as books, branching out, Fantasy, Green, Jay Lake, Kalimpura, new releases, Reading, series, thoughts
There’s really nothing like picking up an intriguing new book by an author you’ve never read before, liking the synopsis enough to start reading…and discovering that the book is clearly the tail-end of a series. *sigh*
I picked up Kalimpura by Jay Lake from the library a few weeks ago. It was in their SF/F new-releases section, and I liked the look of the cover. It has a woman of color carrying two babies in slings and a long knife in her hand, looking determined. Since I’ve become a mother, I’ve found myself more drawn to stories featuring mothers, so I was intrigued. It took me a few weeks to start it, as I didn’t feel emotionally up to it for a little while, but once I did I certainly have been enjoying it. Really, I only have one complaint, and that’s the lack of any signifier of its series-status on the cover or inside!
Honestly, I almost want to quit reading it (I’m not very far in yet). Mind you, I enjoy the character of Green so much and Lake’s style well enough that I want to start reading Green (the apparent first book of the trilogy) in its place. I just feel like I’m missing a lot in Kalimpura, references to the previous books. It’s been rather hard to work out what’s supposed to be going on and why.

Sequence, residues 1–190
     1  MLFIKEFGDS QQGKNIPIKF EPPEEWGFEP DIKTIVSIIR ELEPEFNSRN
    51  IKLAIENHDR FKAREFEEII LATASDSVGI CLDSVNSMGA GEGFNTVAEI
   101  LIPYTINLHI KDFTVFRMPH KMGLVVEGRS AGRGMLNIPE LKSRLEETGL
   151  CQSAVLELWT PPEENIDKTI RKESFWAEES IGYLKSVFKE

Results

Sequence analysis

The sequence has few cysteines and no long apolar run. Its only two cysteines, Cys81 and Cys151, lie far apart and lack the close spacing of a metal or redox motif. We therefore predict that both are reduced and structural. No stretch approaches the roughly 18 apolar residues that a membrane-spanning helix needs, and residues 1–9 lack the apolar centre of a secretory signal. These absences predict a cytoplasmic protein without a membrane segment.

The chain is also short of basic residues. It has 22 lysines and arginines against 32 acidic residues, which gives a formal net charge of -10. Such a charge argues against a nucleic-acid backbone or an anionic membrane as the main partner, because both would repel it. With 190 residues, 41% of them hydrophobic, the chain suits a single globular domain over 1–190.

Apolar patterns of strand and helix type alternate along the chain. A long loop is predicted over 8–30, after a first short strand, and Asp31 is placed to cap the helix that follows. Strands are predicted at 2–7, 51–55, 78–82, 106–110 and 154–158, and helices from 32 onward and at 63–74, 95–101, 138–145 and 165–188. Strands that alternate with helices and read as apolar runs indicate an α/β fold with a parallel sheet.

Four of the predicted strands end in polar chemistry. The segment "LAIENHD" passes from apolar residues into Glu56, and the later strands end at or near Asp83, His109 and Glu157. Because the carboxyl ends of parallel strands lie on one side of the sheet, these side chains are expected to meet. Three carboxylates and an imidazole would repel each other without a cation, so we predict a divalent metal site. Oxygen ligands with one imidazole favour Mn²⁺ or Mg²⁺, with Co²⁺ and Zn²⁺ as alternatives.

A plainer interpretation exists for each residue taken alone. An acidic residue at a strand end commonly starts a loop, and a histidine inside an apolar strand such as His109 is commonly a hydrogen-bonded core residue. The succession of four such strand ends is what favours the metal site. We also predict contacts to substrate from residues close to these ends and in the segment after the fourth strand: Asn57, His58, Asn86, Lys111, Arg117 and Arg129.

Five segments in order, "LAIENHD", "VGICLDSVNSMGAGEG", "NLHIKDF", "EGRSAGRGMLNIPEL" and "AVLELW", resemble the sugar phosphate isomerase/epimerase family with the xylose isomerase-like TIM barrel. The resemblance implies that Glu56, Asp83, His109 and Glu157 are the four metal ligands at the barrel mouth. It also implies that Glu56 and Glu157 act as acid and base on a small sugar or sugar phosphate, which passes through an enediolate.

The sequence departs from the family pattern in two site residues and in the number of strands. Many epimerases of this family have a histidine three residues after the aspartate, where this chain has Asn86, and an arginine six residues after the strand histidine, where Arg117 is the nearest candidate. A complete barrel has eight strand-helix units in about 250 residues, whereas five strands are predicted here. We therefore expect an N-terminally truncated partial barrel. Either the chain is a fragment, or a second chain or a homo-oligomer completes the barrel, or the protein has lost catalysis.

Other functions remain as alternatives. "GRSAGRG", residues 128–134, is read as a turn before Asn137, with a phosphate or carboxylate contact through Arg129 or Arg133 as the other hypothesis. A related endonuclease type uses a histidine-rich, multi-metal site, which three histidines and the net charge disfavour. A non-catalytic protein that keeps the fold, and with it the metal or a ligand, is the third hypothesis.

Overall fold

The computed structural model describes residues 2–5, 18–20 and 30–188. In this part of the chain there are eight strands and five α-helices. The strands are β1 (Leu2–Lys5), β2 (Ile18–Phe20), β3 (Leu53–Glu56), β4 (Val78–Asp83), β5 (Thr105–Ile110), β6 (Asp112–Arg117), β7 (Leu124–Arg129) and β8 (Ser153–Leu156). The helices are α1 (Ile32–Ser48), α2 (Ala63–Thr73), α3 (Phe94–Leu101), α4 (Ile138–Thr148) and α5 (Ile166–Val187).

Then again, I’ll probably just keep reading. Green just beat the snot out of an assassin who tried to threaten her children, despite being recently post-partum and out of shape. And before that she got uppity with a god of pain and got away with it. She’s pretty bad-ass. Also, this is my first Jay Lake book and I’m a little too early in the book to decide for sure whether I love the style. But I’ll say this:
For a middle-aged guy, Lake sure has a rock-solid grasp of what it’s like being a mother of newborns, complete with the leaking and weird feeling body and the intensity of emotion and the protectiveness.
I’ll probably post my thoughts on the complete book at some point. Most likely in 4 months or something.
in The West Wing Recaps
as character deaths, episode 2, episode recaps, interpersonal conflicts, narrative choices, politics, season 1, sex-worker portrayals, The West Wing
Here we are again with the second episode of The West Wing. Today we’ll be getting a little bit more in depth than last week as we get into the swing of the show after the Pilot. This episode begins with a quick 30 second recap showing a few key scenes to remind us of important events from the previous episode. These include Sam’s night with Laurie, Josh’s job troubles, Mandy’s new job helping Senator Russell, and Sam’s encounter with Leo’s Daughter. Read on after the cut, as always beware spoilers! Read more…